MacBook Pro M2, MacBook Air M2, MacBook Pro M1 2021, MacBook Pro 2020/2019/2018/2017/2016, MacBook Air M1 2020, MacBook Air 2018, iMac M1 2021, iMac 2019/2017, iMac Pro, iPad Pro M1 2021 , iPad Pro 2020/2018, iPad Air 2020, Microsoft Surface Laptop Studio, Microsoft Surface Pro 8.
On the front of the dock is a Thunderbolt 4 host port, which connects to your Mac and can supply 96 watts of power. This will charge all current MacBook models, including the 16-inch MacBook Pro.
The front also has a USB-A 2.0 port, a 3.5mm headphone and microphone combo port, and a UHS-II SD card reader for offloading photos.
On the back are three Thunderbolt 4 ports that can output 15W each, along with three USB-A 3.2 Gen 2 ports, Gigabit Ethernet, a security port, and a power connection.
The Thunderbolt 4 Dock is truly plug-and-play, with no additional proprietary software, drivers, or hardware required for setup. The docking station is plug and play, you plug in the cables and external power source, and you can be up and running in minutes.
On the desk
The primary Mac used for the review is a 2018 Mac mini. While better than the M1 Mac mini when it comes to port selection, once you really start loading it up for professional work, it’s time for more of ports.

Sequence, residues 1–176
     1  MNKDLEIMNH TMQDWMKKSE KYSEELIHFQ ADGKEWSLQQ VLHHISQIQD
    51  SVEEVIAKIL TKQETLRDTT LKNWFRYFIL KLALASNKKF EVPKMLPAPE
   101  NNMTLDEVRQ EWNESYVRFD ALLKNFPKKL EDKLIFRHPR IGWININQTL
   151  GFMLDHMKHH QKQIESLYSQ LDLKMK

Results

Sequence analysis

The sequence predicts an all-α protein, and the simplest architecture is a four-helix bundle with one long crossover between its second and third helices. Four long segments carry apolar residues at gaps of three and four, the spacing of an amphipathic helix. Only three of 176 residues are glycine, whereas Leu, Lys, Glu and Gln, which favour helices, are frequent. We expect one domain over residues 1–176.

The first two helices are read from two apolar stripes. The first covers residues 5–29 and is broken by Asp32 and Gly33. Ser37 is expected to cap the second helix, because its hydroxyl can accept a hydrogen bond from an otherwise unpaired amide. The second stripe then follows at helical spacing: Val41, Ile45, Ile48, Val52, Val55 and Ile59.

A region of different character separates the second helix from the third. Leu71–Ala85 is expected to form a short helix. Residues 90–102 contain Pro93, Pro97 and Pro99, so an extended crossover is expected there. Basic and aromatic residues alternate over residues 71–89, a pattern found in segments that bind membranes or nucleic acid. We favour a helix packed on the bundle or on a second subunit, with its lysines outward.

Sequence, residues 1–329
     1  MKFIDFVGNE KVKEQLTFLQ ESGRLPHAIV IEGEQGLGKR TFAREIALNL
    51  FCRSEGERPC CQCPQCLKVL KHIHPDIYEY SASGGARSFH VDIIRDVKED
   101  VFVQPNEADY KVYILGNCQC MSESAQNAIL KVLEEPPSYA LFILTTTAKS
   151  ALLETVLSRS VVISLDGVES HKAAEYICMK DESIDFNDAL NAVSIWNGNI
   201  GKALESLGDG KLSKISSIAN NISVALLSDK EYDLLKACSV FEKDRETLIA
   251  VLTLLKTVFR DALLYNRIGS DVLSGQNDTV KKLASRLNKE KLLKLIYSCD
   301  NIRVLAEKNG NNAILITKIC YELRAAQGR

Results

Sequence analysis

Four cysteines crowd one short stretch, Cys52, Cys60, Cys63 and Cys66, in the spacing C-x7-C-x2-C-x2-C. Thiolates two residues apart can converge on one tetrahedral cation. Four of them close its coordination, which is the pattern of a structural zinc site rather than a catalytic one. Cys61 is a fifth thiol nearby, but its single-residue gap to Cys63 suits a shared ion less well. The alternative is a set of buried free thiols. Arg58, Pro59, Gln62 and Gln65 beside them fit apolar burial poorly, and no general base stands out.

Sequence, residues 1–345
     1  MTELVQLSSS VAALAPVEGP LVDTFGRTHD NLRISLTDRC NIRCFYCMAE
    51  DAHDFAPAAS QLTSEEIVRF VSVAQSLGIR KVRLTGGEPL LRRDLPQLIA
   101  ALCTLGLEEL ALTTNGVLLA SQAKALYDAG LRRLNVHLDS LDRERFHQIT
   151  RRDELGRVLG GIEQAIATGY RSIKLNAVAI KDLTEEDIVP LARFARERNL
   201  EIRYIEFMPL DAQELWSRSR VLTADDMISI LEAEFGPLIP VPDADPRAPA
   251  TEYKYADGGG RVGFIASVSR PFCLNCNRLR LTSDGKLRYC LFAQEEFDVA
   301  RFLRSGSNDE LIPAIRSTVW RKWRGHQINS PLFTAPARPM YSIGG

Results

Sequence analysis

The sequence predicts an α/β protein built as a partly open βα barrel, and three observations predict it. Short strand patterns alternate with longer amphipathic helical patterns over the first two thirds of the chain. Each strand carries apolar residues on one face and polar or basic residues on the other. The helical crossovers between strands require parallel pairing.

The Thunderbolt 4 Dock solved some of my day-to-day problems almost immediately. From multiple Thunderbolt 4 ports to additional rear USB ports, this unit has replaced and simplified my entire peripheral and cable management approach for my home workspace.
Like many home office setups, this desk used an odd Frankenstein combination of cables and workarounds with multiple hubs, some with external power and some without. Now everything works, loads and works exactly as expected, and there are still several ports open if there is a need to add a new piece to the collection.
Three USB-C devices can connect to the dock, with up to 40 gigabits per second of data transfer and 15W of charging with each port, depending on whether they’re Thunderbolt-enabled and what other devices are also connected at the docking station. This is handy for external hard drives, device charging, etc., and offers much more flexibility.
And, of course, bandwidth is still limited to Thunderbolt’s inherent 40 gigabit connection. It doesn’t appear often, and certainly less often than a 10 gigabit USB-C hub manifests the problem.